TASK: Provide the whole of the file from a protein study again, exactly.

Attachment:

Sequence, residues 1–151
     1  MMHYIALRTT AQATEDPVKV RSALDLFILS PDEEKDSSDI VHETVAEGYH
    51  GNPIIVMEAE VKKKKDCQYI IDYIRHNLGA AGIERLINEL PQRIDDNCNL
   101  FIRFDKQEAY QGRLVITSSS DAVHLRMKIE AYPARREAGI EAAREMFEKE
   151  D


Sequence, residues 1–151
     1  MMHYIALRTT AQATEDPVKV RSALDLFILS PDEEKDSSDI VHETVAEGYH
    51  GNPIIVMEAE VKKKKDCQYI IDYIRHNLGA AGIERLINEL PQRIDDNCNL
   101  FIRFDKQEAY QGRLVITSSS DAVHLRMKIE AYPARREAGI EAAREMFEKE
   151  D